Dir. John Adams, Zelda Adams, and Toby Poser (2021)
A teen girl who has been isolated from society discovers why her mother has kept her at home for all of these years.
CAUTION: MAY CONTAIN SPOILERS
The Adams family makes some beautiful movies, and for any criticism that can be applied to their films, “bad-looking” is absolutely not one of them. They’re indie darlings of sorts due to their previous films, like The Deeper You Dig and The Hatred, and they bring a unique cinematography to their films that is often attempted by indie filmmakers, but rarely as successfully. The Adams’ brand of horror is dark, isolating, and emotional, and it’s not afraid to pull the heartrending punches that are oh-so-necessary to telling a good story. They also make a helluva film, and each movie in their filmography is a look at a family dynamic that is often taken for granted.
Hellbender forces us to ask ourselves the question, what if parents were not trying to protect their children from the world, but rather the world from their children? Mother, played by Toby Poser (who also was a director), does everything she can to isolate Izzy (Zelda Adams), her daughter in the film and in real-life as well. They live in the middle of a forest, subsisting on the most bizarre vegetarian diet you’ve ever seen, including pinecones and weird plants scavenged from the forest floor. When Izzy stumbles across Amber’s (Lulu Adams) poolside getaway, she begins to question her mother’s efforts to keep her away from society. What follows is a deep descent into the witchcraft that drives the family’s lineage and some truly brilliant sequences of special effects and gore.
For the love of God… what is it with these damned witches and their stick symbolism!
The film itself brings to mind other efforts such as Dogtooth, which I’ve reviewed recently, in that parents often go too far to isolate their children and remove them from the ills of the world. It’s dreamlike, bizarre, and beautifully haunting, and it contains the witchy feel that becomes totally appropriate once the ladies reveal their powers. These witches get their powers from eating living things, and the use the lifeforce from different prey to manifest their different powers. It’s a unique take on witchcraft and possibly cannibalism that draws from tribal lore and ancient magics, and the Adams family does a wonderful job of portraying all of those odd idiosyncrasies inherent in a magical culture.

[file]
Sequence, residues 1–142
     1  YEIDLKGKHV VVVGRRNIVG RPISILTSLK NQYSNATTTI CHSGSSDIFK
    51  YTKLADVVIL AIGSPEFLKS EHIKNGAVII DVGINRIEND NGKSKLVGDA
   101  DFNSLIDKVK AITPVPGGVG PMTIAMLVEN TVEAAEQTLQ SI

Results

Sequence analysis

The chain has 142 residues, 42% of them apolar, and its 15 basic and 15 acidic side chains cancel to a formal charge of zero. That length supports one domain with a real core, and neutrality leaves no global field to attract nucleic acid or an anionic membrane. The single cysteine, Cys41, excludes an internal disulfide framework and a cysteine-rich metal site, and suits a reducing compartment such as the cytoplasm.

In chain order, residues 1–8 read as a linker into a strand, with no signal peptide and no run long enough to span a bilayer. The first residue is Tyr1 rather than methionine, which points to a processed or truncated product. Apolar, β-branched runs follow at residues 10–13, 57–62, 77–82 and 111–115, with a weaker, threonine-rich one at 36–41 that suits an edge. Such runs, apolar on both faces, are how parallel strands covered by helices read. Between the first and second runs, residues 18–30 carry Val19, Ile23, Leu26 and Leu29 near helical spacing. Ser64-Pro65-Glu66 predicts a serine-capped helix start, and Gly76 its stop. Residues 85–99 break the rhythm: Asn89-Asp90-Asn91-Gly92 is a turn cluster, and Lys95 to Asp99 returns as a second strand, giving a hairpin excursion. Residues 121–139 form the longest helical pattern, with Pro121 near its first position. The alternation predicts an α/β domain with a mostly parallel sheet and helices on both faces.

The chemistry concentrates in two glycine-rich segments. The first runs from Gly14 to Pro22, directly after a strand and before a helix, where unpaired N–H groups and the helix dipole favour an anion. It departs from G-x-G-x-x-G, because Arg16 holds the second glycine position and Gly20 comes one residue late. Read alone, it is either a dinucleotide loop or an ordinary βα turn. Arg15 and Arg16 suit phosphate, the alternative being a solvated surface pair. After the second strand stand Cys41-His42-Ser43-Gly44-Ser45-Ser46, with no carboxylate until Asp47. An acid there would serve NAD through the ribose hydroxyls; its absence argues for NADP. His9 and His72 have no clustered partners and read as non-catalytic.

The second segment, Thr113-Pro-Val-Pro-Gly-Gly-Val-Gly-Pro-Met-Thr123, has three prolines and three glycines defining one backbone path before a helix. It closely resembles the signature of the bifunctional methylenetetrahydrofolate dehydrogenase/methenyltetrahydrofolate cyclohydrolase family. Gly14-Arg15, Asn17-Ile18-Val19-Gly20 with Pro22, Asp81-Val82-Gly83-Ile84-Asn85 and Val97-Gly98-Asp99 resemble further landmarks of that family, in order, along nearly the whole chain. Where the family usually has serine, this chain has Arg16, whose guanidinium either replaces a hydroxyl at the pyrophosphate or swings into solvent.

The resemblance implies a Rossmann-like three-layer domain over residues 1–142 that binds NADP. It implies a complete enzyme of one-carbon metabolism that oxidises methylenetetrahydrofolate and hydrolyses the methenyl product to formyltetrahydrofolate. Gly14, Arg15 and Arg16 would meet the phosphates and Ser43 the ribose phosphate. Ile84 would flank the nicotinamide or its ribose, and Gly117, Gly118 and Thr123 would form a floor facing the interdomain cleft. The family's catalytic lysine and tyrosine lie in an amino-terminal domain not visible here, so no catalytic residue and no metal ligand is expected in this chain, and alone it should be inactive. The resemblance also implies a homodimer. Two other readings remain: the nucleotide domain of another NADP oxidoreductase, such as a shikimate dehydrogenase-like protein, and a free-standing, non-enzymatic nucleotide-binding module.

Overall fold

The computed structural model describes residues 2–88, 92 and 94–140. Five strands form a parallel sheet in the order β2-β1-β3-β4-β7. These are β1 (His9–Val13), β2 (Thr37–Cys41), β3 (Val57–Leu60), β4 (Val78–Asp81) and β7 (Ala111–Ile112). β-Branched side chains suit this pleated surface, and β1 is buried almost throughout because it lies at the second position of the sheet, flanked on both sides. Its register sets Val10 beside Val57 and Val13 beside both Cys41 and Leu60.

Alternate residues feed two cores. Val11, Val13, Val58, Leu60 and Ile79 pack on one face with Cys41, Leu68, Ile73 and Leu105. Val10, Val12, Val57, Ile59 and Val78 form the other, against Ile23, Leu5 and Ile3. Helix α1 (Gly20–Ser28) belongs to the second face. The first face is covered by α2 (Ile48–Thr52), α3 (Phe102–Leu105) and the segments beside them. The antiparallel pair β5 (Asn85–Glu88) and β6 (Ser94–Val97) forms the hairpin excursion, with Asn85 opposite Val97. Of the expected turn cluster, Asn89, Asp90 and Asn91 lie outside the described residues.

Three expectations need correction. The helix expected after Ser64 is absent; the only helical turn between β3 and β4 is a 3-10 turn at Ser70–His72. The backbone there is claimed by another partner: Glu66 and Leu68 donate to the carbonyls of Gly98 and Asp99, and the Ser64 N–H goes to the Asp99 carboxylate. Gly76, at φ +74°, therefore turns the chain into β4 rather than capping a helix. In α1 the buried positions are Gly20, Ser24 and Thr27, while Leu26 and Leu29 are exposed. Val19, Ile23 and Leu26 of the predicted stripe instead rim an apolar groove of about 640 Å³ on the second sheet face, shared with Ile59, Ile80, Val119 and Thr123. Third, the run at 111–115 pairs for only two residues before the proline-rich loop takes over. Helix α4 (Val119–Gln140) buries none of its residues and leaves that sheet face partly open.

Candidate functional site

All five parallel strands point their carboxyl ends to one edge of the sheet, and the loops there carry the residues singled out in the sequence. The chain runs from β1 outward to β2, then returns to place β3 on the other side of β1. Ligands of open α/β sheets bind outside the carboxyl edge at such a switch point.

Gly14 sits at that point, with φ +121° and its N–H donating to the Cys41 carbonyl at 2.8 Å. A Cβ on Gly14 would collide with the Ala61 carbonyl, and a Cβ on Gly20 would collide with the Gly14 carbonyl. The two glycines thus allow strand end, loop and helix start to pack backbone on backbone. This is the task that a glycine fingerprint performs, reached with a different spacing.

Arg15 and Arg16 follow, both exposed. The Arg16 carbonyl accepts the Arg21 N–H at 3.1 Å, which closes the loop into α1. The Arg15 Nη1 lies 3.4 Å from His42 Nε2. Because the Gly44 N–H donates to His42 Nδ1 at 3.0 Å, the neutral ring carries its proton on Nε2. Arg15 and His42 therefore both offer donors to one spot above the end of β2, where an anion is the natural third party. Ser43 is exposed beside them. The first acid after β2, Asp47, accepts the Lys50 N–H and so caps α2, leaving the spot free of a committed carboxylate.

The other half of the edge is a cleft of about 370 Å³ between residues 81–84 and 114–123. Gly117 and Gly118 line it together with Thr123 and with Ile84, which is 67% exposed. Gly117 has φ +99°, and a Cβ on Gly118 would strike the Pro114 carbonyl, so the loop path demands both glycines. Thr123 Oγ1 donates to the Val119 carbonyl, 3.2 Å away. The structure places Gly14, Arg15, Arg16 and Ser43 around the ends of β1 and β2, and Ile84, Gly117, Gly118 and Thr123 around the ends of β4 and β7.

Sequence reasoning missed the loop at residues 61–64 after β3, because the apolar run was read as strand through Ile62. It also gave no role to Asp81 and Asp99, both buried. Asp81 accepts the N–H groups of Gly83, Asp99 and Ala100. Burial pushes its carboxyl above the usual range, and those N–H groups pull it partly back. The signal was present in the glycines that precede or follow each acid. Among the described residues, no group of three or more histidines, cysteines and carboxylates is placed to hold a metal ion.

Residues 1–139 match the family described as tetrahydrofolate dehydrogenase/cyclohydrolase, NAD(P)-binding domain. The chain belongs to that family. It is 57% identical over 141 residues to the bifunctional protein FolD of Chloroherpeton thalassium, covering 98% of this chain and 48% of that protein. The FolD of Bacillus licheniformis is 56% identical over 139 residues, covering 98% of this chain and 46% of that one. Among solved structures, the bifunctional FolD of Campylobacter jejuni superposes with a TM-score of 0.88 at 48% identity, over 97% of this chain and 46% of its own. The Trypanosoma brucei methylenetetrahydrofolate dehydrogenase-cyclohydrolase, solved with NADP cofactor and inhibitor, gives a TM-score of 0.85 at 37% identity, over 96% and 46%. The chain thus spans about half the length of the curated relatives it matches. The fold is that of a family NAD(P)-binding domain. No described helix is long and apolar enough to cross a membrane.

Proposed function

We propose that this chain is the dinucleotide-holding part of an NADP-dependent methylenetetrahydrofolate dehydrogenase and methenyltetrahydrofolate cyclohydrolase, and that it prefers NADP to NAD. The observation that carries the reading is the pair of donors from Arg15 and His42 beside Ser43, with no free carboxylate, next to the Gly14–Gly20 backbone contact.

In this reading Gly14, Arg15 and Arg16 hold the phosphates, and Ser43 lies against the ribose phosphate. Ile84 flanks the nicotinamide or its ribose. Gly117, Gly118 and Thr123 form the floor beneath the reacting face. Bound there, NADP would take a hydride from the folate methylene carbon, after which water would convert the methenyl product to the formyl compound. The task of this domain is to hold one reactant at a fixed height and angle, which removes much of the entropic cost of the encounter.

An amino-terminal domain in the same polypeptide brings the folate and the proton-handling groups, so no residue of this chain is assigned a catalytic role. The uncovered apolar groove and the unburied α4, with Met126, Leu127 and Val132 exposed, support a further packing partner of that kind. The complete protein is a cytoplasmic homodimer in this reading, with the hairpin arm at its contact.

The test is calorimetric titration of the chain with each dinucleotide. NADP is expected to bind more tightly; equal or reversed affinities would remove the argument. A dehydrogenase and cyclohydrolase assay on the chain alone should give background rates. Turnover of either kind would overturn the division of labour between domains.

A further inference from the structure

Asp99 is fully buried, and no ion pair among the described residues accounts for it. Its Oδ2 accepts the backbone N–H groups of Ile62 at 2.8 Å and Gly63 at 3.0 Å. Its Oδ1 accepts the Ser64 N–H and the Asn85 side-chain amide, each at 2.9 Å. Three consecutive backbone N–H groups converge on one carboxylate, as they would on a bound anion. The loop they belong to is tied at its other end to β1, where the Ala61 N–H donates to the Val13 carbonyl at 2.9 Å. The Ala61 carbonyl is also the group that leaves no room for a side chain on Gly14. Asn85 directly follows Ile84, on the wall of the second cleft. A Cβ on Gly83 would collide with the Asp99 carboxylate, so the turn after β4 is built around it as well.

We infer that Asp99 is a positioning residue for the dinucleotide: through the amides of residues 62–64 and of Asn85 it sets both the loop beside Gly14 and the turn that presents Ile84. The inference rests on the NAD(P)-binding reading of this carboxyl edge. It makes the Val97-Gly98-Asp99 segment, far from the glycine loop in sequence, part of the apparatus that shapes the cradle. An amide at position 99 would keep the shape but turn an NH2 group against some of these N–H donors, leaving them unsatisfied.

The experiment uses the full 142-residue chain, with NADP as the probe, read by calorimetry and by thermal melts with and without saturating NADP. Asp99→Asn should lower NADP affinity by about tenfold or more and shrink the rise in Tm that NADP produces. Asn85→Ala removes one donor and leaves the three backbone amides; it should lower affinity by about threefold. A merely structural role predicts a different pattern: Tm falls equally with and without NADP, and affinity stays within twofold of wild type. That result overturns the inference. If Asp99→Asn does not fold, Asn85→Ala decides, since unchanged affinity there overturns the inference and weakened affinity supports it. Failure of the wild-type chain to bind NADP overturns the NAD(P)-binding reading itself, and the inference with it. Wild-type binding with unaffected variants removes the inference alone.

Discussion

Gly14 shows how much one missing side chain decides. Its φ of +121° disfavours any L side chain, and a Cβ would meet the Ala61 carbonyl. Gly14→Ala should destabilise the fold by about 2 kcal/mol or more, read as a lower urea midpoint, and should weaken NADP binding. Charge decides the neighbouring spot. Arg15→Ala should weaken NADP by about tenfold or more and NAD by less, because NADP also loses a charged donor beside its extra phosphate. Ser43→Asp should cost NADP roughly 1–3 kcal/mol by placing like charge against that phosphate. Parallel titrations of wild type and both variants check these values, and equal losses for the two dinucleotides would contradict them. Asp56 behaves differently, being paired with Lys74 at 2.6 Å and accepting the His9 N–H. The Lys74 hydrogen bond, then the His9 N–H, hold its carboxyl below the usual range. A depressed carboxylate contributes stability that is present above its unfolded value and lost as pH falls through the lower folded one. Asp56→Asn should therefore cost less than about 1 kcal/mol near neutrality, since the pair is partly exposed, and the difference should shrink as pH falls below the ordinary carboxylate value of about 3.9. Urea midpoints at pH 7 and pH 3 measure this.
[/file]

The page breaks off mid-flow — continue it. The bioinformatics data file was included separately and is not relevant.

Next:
Whatever critiques that one may have with the film (and we’ll get to what few I had shortly), the film features some absolutely outstanding acting by both Poser and Zelda Adams (and Lulu isn’t half bad either). Zelda deserves some an award for this film for her brilliant portrayal of a young woman coming into her own, and she pours every bit of her heart and soul (and teeth) into the role. Zelda is wonderful as the mother, doing her best to give her daughter the life that she did not have while knowing that it will ultimately be futile. When she is forced to share her secrets with Izzy, she does a magnificent job as the excited parent who truly relishes the things that she has been trying to hide for all of these years.
Someone needs a wet nap.
The other thing that struck me the most about this film is the soundtrack. Holy shit, I haven’t heard this good of a soundtrack in years. Feminist rock at its best, H6llb6nd6r provides all of the music (which makes sense because it’s comprised of members of the family.) The music is outstanding and does a wonderful job of carrying the moody visuals throughout the film. The lyrics are prophetic, and the songs within meander from the peaceful (and terrifying) scene-setters to the hard/punk rock songs that allows the audience to really feel the relationship between mother and daughter. I can’t even tell you how many songs were immediately added to my Spotify playlist.
The main issue with the film, however, has nothing to do with looks. The ending seems rather abrupt, though it has been foreshadowed throughout the film, and the story in and of itself does not do the best job of building as interesting of a movie as its setup could have been. Don’t get me wrong, it’s certainly not a bad film, and it very much deserves the love that it has received. It is, ultimately, entertaining and wrought with emotion, the story of a mother’s love for her child despite knowing how things will turn out. It’s a coming-of-age film at its heart, but its not afraid to spill more than a drop of blood along the way. I did like The Deeper You Dig a little more than this one, but this one is almost definitely the better film.
Who this movie is for: Indie film lovers, Movie fans who like a lot of style in their productions, Meatatarians
Bottom line: Witchy and gorgeous as hell, Hellbender is absolutely worth a watch for anyone who doesn’t have extreme ADHD. It drags at times, but it is a slow burn film as the best witch films are wont to be. The Adams family are up-and-comers in the horror industry, and it’s easy to see why in Hellbender. Unique, creative, and with utterly breathtaking cinematography, it’s a film that should not be missed for those who like style mixed in with their horror.